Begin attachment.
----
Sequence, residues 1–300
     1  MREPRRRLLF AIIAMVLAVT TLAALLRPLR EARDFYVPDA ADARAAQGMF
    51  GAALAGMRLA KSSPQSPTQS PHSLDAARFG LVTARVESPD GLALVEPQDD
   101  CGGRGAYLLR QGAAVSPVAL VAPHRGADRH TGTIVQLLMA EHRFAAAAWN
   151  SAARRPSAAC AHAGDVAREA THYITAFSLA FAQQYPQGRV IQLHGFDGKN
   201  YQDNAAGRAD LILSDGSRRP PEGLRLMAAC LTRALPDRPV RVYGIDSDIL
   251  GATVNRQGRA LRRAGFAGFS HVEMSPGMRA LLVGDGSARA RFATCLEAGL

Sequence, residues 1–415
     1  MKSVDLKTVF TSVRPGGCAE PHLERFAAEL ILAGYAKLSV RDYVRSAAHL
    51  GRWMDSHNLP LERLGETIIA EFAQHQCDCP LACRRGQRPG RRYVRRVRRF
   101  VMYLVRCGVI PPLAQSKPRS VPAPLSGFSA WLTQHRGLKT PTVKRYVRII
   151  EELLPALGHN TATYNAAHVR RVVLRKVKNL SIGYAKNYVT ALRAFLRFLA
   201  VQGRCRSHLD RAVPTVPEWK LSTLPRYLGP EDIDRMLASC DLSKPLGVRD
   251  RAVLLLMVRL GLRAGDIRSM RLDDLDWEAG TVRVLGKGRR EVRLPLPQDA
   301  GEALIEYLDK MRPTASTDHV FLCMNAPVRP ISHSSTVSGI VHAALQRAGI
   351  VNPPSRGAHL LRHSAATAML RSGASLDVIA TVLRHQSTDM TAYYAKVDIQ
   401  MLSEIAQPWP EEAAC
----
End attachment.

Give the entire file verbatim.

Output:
Sequence, residues 1–300
     1  MREPRRRLLF AIIAMVLAVT TLAALLRPLR EARDFYVPDA ADARAAQGMF
    51  GAALAGMRLA KSSPQSPTQS PHSLDAARFG LVTARVESPD GLALVEPQDD
   101  CGGRGAYLLR QGAAVSPVAL VAPHRGADRH TGTIVQLLMA EHRFAAAAWN
   151  SAARRPSAAC AHAGDVAREA THYITAFSLA FAQQYPQGRV IQLHGFDGKN
   201  YQDNAAGRAD LILSDGSRRP PEGLRLMAAC LTRALPDRPV RVYGIDSDIL
   251  GATVNRQGRA LRRAGFAGFS HVEMSPGMRA LLVGDGSARA RFATCLEAGL

Sequence, residues 1–415
     1  MKSVDLKTVF TSVRPGGCAE PHLERFAAEL ILAGYAKLSV RDYVRSAAHL
    51  GRWMDSHNLP LERLGETIIA EFAQHQCDCP LACRRGQRPG RRYVRRVRRF
   101  VMYLVRCGVI PPLAQSKPRS VPAPLSGFSA WLTQHRGLKT PTVKRYVRII
   151  EELLPALGHN TATYNAAHVR RVVLRKVKNL SIGYAKNYVT ALRAFLRFLA
   201  VQGRCRSHLD RAVPTVPEWK LSTLPRYLGP EDIDRMLASC DLSKPLGVRD
   251  RAVLLLMVRL GLRAGDIRSM RLDDLDWEAG TVRVLGKGRR EVRLPLPQDA
   301  GEALIEYLDK MRPTASTDHV FLCMNAPVRP ISHSSTVSGI VHAALQRAGI
   351  VNPPSRGAHL LRHSAATAML RSGASLDVIA TVLRHQSTDM TAYYAKVDIQ
   401  MLSEIAQPWP EEAAC